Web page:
Care homes: why it's ok to talk about profit

 

 

Some of our care home clients are a little embarrassed when asked about profit. Given the amount of media coverage the cost and quality of care receives, 'profit' is uttered in hushed tones.

But care homes are businesses and they have every right to be profitable. This doesn't mean you have to compromise on patient care or go on a big cost cutting exercise.

This blog post gives some ideas on how to rethink your attitude towards profit.

First impressions

Take a look at your business from the point of view of someone who is considering putting a loved one into care. What are the little things that could affect this decision?

This isn’t just making sure that the building looks (and smells) good – though these things are important.

You also need to think about how you present the business before they visit. For example:

  • Is your website easy to use?
  • Is the person who answers the phone nice?
  • Are your brochures up-to-date?

Make saying 'yes' easy

You need to make is easy for people to say 'yes' to your home.

Again, it's the little things that count. Cobwebs or surly staff might not seem like huge problems but they say a lot about your attention to detail and quality – both huge factors when choosing a care home.

Little things don’t have to cost a lot (this is a blog post about profit after all) and don’t involve re-inventing the wheel.

For example:

  • Do your rooms look welcoming or are they empty and dull?
  • Can people try a room for a week for free? Compare how much it would cost you to offer this compared to the potential fees you'll receive.
  • Are your residents visible in your marketing material? Testimonials from current residents are far more powerful than those from family members.

Improve your service

People only talk about service if it is terrible or outstanding. Think about what you can do differently with your team and residents to make your service brilliant.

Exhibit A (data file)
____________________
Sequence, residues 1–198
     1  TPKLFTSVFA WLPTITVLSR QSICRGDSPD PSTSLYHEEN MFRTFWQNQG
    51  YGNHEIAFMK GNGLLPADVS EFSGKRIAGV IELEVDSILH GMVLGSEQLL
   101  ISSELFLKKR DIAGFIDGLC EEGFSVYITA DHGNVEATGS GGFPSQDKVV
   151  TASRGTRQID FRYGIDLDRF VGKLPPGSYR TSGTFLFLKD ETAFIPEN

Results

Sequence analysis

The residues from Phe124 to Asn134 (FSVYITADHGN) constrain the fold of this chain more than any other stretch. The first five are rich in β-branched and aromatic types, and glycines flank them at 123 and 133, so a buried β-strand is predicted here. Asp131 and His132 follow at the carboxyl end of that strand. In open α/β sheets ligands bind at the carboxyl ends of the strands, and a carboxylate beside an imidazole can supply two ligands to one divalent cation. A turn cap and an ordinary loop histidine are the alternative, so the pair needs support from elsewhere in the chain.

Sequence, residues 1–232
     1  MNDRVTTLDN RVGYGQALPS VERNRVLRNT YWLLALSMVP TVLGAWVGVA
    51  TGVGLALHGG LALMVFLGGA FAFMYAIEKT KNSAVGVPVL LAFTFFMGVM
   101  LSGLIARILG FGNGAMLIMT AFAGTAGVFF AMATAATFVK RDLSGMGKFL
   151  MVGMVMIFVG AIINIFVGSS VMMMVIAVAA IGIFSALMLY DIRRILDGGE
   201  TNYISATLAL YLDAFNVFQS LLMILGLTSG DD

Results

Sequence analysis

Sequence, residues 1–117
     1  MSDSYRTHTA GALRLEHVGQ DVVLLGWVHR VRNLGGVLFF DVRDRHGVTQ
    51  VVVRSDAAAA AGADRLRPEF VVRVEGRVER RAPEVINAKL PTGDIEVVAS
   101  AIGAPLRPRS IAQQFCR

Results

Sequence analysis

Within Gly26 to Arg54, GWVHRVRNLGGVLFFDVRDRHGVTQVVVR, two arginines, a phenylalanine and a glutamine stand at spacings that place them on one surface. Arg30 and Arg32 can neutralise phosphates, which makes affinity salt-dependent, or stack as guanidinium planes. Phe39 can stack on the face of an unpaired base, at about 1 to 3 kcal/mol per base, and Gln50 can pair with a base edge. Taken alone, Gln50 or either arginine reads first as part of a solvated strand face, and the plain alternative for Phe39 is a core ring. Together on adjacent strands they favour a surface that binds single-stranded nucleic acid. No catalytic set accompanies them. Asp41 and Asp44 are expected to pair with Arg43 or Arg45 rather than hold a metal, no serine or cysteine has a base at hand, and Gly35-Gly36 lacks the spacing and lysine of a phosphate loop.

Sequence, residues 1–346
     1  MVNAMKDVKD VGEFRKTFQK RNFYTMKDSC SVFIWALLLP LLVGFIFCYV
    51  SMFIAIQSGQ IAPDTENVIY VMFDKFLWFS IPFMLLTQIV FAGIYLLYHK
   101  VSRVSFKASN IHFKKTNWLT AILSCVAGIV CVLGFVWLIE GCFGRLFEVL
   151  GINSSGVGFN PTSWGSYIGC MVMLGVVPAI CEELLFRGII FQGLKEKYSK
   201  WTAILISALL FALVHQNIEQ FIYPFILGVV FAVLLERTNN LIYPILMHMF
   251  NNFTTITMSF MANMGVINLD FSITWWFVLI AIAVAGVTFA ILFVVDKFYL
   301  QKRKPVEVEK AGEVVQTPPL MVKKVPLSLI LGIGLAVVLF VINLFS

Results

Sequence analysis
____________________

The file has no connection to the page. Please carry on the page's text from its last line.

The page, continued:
Ideas we've come across include:

Dinner service
Giving staff different uniforms to serve dinner made residents feel special. This was also extended to include afternoon tea.

Setting up a residents food club
A local butcher was asked to create a special sausage for the care home. He came in did a short talk with the residents about the ingredients.

Getting residents involved with everyday tasks
Residents were encouraged to help clean staff cars. This was so successful that residents starting washing cars for charity.

Improving profits

So what do all these 'little things' have to do with profit?

Getting the foundations of your business (or the 'little things') right is the most successful way to increase your profits.

The 'little things' make you different. They improve your service. And they get people talking.

Referrals are powerful in any business but with care, they are worth more than almost any other marketing activity.

Talk to us

If any of this has got you thinking, don't be shy about profit. Get in touch to discuss ways to improve your business.

Our care home website has more specialised information about accounting for care homes.

 

 

 

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